A RECENT Market Facts and Opinion (MFO) survey on covid19 showed a number of people are concerned about their income, said United National Congress (UNC) PRO Anita Haynes.
The survey, which was released on Tuesday, sought to gauge public confidence in the government’s handling the spread of the virus, general knowledge about the virus, trust in various information sources, concern over the effects of the virus, and changes in lifestyle habits since the outbreak.
Haynes told Newsday that polls are always useful as a snapshot of public opinion at a given time.
"The UNC notes in particular that people are worried about our economic viability in a post-covid19 world, as well as seven in ten people reporting a loss in income. These numbers tell us that our presentation of our economic plan, 'Healing TT after covid19,' is timely. We are focused on delivering aid to all those most affected as well in ensuring that there is viable economic policy for job creation."
Movement for Social Justice youth officer Angelo Hart said the MFO mentions the 18-24 age demographic's scepticism about the virus, but failed to gauge the older demographic's propensity for believing fake news on social media.
"It is a documented fact that older persons are more gullible when it comes to misleading information online."
Hart added that the MFO also reported high confidence in the Government's handling of the crisis, but this was due mainly to the way it contained the virus and the small sample size used in the survey.
"We recognise that the Government has gone to great lengths to prevent the virus from spreading throughout the country, and as far as the results have shown there are no incidents of community spread. The opposition party is also making complete fools of themselves, adding to the perception that the Government is 'on the ball.'"
Hart said, however, that in matters of social security, Government has left a lot to be desired.
"Given that over 30,000 people have applied for grants, a sample size of 936 surveys is too minuscule a number to ascertain the actual feelings of the population."
Congress of the People leader Carolyn Seepersad-Bachan said people would be satisfied with Government's handling of the health crisis and flattening the curve, and she attributed this to citizens expressing confidence in Health Ministry and National Security Ministry technocrats.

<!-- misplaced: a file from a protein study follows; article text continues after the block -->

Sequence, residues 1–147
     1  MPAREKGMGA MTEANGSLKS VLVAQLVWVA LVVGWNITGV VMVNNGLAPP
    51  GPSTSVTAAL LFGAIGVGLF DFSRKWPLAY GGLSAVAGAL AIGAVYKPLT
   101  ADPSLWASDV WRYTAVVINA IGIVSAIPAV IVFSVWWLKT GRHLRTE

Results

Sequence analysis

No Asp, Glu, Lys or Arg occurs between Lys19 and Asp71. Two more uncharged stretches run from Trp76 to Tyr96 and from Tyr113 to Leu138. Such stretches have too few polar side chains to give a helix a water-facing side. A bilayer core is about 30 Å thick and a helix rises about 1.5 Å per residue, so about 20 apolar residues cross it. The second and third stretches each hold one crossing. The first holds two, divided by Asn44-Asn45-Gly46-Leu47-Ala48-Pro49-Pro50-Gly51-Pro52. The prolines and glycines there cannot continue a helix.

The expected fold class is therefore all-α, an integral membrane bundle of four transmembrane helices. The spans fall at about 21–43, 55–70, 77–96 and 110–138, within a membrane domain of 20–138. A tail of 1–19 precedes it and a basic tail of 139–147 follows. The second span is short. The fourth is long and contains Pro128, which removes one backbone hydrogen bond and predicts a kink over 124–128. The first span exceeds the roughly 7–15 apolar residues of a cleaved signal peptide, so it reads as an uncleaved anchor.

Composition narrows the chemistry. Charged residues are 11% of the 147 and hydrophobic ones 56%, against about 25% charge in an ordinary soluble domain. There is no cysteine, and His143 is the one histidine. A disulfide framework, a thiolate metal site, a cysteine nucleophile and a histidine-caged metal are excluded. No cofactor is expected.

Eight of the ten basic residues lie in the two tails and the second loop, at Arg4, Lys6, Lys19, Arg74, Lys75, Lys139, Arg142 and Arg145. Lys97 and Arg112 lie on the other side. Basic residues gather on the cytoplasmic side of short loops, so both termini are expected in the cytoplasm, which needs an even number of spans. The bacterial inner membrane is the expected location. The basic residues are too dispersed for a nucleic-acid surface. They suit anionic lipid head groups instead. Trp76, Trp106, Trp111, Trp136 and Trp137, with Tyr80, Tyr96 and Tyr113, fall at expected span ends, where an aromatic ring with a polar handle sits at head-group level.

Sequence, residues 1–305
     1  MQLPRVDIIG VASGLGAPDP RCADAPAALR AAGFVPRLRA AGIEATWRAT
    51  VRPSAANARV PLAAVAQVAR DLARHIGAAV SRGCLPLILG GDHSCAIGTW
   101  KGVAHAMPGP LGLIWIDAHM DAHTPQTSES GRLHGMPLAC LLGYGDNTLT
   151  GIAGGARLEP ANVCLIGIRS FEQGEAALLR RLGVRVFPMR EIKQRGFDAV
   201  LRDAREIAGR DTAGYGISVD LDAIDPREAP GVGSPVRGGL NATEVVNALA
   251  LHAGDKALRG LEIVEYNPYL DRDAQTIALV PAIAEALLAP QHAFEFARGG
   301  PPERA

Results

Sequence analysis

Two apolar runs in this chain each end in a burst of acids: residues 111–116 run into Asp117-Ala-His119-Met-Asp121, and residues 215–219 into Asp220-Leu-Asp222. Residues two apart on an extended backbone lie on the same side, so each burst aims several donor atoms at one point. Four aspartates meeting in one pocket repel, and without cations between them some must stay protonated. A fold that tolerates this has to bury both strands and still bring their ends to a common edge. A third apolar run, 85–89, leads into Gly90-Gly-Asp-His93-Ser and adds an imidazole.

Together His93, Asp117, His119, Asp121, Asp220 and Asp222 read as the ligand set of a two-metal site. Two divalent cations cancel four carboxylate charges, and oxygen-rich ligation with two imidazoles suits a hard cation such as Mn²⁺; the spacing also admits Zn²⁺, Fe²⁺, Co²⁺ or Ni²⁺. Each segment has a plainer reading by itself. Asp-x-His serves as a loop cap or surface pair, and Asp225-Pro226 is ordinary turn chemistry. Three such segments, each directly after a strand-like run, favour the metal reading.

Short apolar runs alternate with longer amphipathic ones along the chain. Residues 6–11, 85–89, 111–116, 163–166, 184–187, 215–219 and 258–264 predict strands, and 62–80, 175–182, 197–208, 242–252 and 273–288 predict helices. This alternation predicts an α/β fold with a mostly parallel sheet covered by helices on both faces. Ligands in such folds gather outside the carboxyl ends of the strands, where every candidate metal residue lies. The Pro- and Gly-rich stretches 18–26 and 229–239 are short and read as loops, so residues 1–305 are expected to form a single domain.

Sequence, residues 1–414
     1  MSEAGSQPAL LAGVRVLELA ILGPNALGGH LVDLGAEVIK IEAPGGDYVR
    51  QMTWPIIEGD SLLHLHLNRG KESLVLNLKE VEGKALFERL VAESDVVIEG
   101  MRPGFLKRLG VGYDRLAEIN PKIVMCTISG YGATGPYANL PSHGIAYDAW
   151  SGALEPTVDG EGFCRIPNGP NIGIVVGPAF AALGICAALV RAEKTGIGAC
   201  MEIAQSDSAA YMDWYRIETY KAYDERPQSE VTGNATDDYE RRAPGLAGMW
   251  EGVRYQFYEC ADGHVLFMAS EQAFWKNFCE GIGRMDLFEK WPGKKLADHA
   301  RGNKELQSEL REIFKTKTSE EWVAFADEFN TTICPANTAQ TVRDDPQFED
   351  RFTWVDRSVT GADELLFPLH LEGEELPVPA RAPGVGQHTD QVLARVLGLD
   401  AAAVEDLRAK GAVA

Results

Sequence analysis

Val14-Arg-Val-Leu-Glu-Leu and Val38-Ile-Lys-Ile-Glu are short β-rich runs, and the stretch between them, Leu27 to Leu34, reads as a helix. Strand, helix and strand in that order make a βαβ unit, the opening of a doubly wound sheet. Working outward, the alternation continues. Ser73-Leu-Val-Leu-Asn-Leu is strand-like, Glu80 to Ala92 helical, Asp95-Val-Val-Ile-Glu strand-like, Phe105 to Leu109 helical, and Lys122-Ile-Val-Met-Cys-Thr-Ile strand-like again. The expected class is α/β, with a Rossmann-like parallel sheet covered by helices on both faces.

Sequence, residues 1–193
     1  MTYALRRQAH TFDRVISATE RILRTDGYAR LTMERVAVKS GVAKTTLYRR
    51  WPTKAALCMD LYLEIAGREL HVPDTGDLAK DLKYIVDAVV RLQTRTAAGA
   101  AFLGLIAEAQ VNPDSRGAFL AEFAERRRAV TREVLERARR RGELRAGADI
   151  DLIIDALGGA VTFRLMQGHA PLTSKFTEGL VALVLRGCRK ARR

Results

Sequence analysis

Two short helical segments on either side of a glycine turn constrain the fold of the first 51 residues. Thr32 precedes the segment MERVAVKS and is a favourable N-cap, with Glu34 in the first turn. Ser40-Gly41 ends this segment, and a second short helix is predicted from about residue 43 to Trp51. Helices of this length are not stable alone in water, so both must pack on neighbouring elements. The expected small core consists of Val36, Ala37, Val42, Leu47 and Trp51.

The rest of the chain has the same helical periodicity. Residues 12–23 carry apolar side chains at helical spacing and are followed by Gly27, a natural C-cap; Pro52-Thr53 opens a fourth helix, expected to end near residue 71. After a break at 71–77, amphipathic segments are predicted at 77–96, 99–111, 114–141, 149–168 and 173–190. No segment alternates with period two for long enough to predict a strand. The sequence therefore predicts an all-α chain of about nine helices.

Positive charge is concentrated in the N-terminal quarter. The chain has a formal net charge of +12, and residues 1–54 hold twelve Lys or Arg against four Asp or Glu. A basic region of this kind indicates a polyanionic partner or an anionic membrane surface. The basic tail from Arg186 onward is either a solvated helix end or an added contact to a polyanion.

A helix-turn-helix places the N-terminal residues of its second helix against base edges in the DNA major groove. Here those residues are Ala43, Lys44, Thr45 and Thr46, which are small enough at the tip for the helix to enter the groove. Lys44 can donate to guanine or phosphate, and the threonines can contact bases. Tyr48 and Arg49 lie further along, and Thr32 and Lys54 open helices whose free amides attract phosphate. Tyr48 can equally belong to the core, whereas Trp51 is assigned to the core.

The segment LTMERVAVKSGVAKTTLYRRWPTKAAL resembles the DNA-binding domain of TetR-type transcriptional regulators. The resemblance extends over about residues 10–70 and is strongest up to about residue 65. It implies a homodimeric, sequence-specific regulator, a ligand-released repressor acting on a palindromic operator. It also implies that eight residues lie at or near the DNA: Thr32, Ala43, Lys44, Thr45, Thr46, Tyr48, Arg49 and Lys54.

"On the handling of the economy itself, I don't think people are very satisfied."
She noted the comment in the survey that some people feel the economic impact will be even worse than the outbreak itself and that seven out of ten reported a loss of income.
She said a number of other ministries had not stepped up at all, including Education, Labour, Trade and Agriculture. She stressed there should have been a boost to the purchase of local produce to reduce forex spend, but instead farmers had had to dump produce because market space was unavailable.
The survey found people aged 45-54 and those of African descent were more likely to exhibit confidence in the Government’s performance during the pandemic. Seepersad-Bachan said in terms of ethnicity it was tribal politics at play and this was not really an objective assessment.
"We have to stop the political polarisation and have people working for the country's interest."
Health Minister Terrence Deyalsingh, speaking on Wednesday at the covid19 media briefing, said the survey, which found people are generally satisfied with the covid19 health response, bears testimony to the expertise of public health officials to manage the pandemic. He said there was no rulebook for dealing with the pandemic. He added that the report is testimony to the caring of nurses and doctors.
Deyalsingh said, however, these good reports were not an excuse to take a victory lap.
“Let us accept it, but we have not won anything,” he said.
With reporting by Julien Neaves and Melissa Doughty